There were fewer state-level Republicans willing to weigh in publicly, even those who are closely aligned with Trump like Lt. Gov. Burt Jones and Georgia GOP Chairman David Shafer.

Reaction from Democrats was not widespread either, although those who released statements made it clear they support the case moving forward. Among them was state Rep. Scott Holcomb of Atlanta, an attorney and Army veteran.

“I had a top secret clearance when I was in the Army,” he said. “No one who is serious about national security can defend how Trump handled our nation’s classified secrets.”


Credit: TNS

Credit: TNS

YES HE CAN. For those who have been asking whether Donald Trump can still run for president after being indicted on federal charges, the answer is yes. In fact, according to legal experts, Trump can continue to run for president even if he is convicted of those crimes. There is no constitutional prohibition on running for president from prison, or even serving from prison if elected.

Only the voters can decide if a person’s imprisonment is reason not to select him or her. Reporting for duty at the White House would be another matter.


HATE WATCH. A proposed rule change to give the Georgia GOP final say on who can qualify to run as a Republican isn’t the only contentious policy that could be up for debate this weekend.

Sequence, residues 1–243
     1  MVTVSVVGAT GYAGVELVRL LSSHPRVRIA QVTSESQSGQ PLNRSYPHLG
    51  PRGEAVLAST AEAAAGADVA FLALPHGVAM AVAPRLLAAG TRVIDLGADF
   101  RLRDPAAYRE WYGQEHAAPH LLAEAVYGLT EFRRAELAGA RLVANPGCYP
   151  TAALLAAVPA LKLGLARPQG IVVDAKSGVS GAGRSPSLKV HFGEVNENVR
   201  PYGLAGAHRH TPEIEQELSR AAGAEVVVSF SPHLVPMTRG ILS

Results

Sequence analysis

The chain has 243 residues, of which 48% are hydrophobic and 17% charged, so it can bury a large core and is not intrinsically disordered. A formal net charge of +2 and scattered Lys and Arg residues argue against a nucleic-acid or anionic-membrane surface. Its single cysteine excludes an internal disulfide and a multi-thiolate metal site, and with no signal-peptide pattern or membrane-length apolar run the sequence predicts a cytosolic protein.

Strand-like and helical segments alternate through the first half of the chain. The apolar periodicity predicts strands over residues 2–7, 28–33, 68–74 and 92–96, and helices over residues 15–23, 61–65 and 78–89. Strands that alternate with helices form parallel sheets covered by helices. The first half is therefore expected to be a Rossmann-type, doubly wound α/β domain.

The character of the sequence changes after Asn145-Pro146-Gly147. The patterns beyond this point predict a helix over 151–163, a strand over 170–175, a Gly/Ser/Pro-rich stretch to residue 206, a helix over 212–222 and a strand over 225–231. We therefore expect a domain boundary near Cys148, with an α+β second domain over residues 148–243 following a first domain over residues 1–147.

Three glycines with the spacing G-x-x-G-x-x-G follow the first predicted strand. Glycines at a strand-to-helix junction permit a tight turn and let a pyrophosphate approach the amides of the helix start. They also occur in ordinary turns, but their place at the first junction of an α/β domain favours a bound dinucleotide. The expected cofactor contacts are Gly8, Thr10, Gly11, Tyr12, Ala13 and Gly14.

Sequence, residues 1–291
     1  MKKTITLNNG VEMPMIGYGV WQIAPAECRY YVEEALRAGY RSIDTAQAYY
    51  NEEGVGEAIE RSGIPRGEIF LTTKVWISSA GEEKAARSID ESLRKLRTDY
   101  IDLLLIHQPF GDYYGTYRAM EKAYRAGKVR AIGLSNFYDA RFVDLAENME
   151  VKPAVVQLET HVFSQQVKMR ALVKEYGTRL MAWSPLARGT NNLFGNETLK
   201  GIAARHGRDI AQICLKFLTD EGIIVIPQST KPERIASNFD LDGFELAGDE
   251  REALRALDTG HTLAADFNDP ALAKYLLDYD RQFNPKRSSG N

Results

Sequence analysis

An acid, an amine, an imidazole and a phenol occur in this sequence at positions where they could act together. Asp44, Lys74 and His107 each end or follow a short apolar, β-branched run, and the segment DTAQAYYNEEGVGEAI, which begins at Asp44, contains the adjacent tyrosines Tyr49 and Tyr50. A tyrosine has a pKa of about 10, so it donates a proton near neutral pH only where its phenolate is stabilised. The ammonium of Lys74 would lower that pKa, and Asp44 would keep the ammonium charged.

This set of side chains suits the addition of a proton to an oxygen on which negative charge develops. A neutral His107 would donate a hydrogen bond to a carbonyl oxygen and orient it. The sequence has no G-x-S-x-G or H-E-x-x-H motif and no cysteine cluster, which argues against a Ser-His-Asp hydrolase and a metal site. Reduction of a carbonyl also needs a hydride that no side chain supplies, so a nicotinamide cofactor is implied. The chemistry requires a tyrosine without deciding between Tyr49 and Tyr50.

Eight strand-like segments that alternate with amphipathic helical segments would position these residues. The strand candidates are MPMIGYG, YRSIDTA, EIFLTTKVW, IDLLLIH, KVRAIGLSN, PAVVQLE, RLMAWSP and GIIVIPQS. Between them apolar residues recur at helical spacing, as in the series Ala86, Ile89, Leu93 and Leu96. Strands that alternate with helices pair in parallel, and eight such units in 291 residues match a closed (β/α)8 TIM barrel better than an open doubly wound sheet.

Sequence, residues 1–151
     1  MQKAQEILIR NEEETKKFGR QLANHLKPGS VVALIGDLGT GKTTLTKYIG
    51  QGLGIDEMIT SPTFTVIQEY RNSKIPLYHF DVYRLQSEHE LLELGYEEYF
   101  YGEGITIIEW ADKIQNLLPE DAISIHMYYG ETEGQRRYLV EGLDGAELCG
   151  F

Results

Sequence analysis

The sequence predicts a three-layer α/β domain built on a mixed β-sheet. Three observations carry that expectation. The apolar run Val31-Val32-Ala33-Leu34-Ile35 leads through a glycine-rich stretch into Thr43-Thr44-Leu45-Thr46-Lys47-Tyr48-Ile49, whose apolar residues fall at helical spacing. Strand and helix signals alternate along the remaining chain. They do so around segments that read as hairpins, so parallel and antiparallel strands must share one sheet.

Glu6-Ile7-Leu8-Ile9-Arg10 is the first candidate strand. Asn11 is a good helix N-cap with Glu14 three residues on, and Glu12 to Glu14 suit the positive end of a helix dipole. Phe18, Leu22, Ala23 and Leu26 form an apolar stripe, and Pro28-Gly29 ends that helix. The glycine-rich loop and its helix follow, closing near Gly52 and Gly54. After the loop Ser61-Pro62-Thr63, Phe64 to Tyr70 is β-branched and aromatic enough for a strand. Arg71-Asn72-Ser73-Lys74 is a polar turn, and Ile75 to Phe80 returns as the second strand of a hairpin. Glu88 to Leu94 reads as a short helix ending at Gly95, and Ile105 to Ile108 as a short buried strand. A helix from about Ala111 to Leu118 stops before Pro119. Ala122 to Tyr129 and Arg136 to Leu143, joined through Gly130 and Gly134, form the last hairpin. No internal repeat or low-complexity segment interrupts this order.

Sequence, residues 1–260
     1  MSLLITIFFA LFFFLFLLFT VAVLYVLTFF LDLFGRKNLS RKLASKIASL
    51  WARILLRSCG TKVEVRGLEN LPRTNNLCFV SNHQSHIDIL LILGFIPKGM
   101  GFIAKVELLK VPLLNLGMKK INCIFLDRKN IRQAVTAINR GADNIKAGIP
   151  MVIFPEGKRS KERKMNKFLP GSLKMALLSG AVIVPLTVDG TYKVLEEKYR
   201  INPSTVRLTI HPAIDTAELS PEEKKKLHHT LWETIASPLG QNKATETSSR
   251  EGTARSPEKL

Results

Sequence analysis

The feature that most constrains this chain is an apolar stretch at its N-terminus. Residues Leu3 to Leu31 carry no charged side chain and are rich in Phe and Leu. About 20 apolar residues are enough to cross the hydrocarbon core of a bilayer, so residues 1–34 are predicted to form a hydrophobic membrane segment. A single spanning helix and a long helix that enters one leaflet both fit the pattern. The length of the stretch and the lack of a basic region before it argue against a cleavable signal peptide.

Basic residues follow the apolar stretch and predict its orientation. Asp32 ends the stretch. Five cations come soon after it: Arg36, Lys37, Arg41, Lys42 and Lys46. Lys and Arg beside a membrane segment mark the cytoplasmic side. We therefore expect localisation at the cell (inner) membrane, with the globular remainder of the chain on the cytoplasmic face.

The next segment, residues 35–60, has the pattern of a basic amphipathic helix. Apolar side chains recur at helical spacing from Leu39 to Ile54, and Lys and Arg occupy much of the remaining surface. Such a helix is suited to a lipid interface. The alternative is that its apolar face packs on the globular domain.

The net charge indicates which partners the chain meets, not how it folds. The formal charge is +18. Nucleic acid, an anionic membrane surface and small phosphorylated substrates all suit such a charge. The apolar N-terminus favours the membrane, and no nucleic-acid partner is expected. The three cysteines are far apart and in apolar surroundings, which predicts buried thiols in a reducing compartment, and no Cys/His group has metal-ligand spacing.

Far-right activists also distributed flyers pushing a rule to block LGBTQ members from holding a leadership post in the party.

The flyers were handed out late Thursday around the Columbus Convention and Trade Center, site of the two-day event that starts Friday.

“We must not be a stumbling block by winking at the lifestyle choice against God’s loving laws,” read the flyer.

Party insiders predict the proposal will be quickly rejected, but it’s part of a trend. The Atlanta Young Republicans noted in a release this morning that activists pushed similar resolutions at some county and district meetings that sought to block LGBTQ members from participating in the state GOP.


Credit: T.J. Kirkpatrick/The New York Times

Credit: T.J. Kirkpatrick/The New York Times

SCOTUS SURPRISE. In a 5-4 ruling released Thursday morning, the U.S. Supreme Court found that Alabama’s GOP-controlled Legislature likely violated the law when it drew a map with one majority-Black seat out of seven congressional districts.

That decision is already becoming a factor in ongoing lawsuits over Georgia’s redistricting, which resulted in Republicans gaining a U.S. House seat in last year’s elections.

A judge could decide later this year whether Georgia’s congressional maps, including the new 6th District currently held by Republican U.S. Rep. Rich McCormick, illegally diluted Black voting strength. Previously, the district was represented by Democratic U.S. Rep. Lucy McBath, who now holds office in the neighboring 7th District, after she unseated a fellow Democrat, U.S. Rep. Carolyn Bourdeaux, in a primary.

By the end of the day Thursday, the federal judge who oversees a handful of the Georgia map challenges had updated the court dockets with references to the Supreme Court decision.

In one case, which consists of challenges to both the state’s congressional and legislative maps based on Section 2 of the Voting Rights Act, parties were ordered to file new briefs addressing Thursday’s opinion.